Artificial Barn Swallow Nests

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About: I made a beer mug with only a knife & a hatchet. I think that says a lot about me.

Intro: Artificial Barn Swallow Nests

Passerine numbers are declining since many years. Habitat-loss & degradation, pollution, global change, loss of migration-stepstones, hunting etc. Our - human - fault, anyway. Again.

So it's no more than logic that it's also our responsability to take action where we can. Even the smallest act matters. Pissing on a raging forest fire is better than keeping it for yourself. I grew up in the Brussels area, I know what I'm talking about - 'Manneke Pis', you know.

Talking about Barn Swallows, in particular. These little long distance migrants are in heaven in diversified man-made habitats with a healthy mix of prairies, pastures, fields, hedges & bushes. And dirty farms, also. The dirtier the better.

Those flies, you know. Dark clouds of big tasty flies. And mosquitos.

That kind of farms is history now. When I was a kid all the farms I knew had at least several dozens of swallow nests. Now those farms are or gone or different. Closed gates, sterile environments.

Economic optimisation, you know. And tight hygiene. And no flies anymore around the dung heap. And so no more Barn swallows, also.

Not only food is important. Those tiny birds need special hardware to build their particularly shaped balcony nests. Good mud, and hay to arm it. Mud has become scarce, also. In this post apocalyptic agro-industrial era ground water levels are kept downward and every parcel of land gets money-ised. Even mud is rare these days.

And so sometimes, really sometimes, our feathered companions might need a little help to keep their heads above the water. I can't change the world, but I can make their life maybe a little bit easier by proposing them some ready built nests.

Step 1: Needs

You can make this as complicated as you will, but I decided to use cheap nice bamboo kitchen hardware. Bowls & cutting boards. Easy peasy.

Step 2: Cut 'em in Half, Almost

Choose your biggest saw or your heaviest axe and cut those bowls in half.

In fact, I realised that 'half' is just not wide enough, and so 3/4 is way much better.

You'll be using the 3/4 piece, of course.

And a grinder is much better, finally.

Step 3: Prepare the Boards

I guess you just can glue them together, but since you definitely don't want to fall those chicks 2m straight I suggest to play it safety first.

The artwork is optional. No proven scientific evidence on breeding success. Yet.

Step 4: Gettin' Wired

Logic.

Step 5: Hang 'em

Hang those nests at about 20 or 30 cm from the ceiling of an open garage, barn or stable - or your living room, no judgements - and get ready for the arrival of those tiny travelers.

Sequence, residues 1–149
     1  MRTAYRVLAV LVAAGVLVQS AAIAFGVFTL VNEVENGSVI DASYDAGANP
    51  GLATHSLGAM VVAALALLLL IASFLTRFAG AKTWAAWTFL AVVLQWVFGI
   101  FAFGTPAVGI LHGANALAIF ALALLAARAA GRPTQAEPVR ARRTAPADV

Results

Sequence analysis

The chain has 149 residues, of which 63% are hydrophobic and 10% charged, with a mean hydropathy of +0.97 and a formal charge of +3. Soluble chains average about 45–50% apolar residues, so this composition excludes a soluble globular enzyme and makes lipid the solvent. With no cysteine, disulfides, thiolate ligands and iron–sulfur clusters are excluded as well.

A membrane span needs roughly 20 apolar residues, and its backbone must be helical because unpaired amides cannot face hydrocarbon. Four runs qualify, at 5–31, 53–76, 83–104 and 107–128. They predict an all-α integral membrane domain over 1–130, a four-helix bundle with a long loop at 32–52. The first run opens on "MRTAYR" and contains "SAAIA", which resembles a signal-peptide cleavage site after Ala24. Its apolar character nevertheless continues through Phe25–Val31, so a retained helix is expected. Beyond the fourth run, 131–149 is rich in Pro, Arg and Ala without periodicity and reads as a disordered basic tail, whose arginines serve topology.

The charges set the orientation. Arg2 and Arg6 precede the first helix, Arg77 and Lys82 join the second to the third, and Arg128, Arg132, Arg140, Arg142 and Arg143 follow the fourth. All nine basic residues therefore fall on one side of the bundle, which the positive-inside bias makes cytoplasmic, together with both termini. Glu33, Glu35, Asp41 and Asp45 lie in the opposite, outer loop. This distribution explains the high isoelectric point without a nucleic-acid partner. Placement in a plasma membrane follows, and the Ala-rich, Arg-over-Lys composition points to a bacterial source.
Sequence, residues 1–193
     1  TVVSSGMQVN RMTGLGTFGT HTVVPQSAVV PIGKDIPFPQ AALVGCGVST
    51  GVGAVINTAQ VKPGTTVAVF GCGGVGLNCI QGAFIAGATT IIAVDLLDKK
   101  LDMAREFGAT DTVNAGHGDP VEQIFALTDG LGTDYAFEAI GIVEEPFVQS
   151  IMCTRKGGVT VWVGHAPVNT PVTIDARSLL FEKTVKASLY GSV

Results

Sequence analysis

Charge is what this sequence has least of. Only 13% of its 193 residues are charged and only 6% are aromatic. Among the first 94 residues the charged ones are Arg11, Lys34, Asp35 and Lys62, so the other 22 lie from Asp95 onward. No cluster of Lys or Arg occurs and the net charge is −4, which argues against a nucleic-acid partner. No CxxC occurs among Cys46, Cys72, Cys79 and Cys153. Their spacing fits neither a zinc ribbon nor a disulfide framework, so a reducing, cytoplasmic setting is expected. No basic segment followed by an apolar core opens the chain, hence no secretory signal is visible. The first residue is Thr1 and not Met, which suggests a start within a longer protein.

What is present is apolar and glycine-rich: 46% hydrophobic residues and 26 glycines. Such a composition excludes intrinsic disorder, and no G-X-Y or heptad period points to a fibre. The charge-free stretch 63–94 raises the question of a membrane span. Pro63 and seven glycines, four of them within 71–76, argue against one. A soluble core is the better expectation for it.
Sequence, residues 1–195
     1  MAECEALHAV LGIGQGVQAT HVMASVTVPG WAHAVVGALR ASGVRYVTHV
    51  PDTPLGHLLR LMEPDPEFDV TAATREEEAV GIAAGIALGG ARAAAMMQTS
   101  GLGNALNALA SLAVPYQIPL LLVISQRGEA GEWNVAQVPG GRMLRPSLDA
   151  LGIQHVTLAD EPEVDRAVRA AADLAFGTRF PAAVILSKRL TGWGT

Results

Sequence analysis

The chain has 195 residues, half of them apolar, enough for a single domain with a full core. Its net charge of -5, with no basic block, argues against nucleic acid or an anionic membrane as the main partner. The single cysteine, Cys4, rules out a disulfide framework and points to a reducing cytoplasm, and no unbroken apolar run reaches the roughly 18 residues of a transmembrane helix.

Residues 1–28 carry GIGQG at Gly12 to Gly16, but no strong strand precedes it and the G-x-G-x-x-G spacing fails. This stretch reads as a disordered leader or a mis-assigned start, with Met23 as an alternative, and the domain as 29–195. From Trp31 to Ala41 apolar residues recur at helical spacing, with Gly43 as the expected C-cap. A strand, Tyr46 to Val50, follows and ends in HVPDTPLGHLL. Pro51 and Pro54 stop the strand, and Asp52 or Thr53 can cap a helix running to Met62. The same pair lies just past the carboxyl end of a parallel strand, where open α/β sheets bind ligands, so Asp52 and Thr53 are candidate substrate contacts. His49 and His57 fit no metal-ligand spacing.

Enjoy.

The simple things, you know.

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    8 Discussions

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    Jobar007

    8 months ago

    Well done my friend. Easy to follow and very approachable.

    I'm not sure about European (or African for that matter) swallows, but a lot of our swallows don't need that much to get started on their nests. They will use something that only pokes out a couple of millimeters from a wall to start a nest in. A friend of mine has a family ranch that gets swallows that make nests on the ~3 mm lip of a board that's right under his eves. So my point is that you probably could get by with a 6 mm wide strip of wood at the base of the cutting boards and call it good.

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    bricobartJobar007

    Reply 5 months ago

    Hey mate, you're on the spot again. Most of the time a simple nail in a support beam is enough to get them started. Problem is the mud, it's more & more scarce in our urban areas and without it they're nowhere. I've seen many nests uncompleted because of this - and also because the few mudpots dried way too fast during the building process. With this idea they just need a few minor adjustments to have a chance...

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    Jobar007bricobart

    Reply 5 months ago

    That makes sense. We, as a western society, are seeking to have less mud around.

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    BLASTFEMI

    8 months ago

    I love it! What a wonderful way to support local bird habitat. Much appreciation.

    1 reply
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    Riffifi

    8 months ago

    c'est possible de mettre, plus tard, une petite mise à jour (ou juste une photo), pour savoir si les hirondelles ont occupés les nids? :)
    il faut que je fasse quelques nids aussi avant qu'elles arrivent chez moi, mais le plus difficile sera de les accrocher...

    2 replies
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    bricobartRiffifi

    Reply 8 months ago

    Pas de soucis, je le ferai! Vous disposez d'un perfo? Simple cheville de 8mm et une vis de 6mm et vous seriez le roi ;)

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    Riffifibricobart

    Reply 8 months ago

    le problème c'est plutôt d'atteindre la zone d'accrochage! je n'ai pas d'échelle assez longue...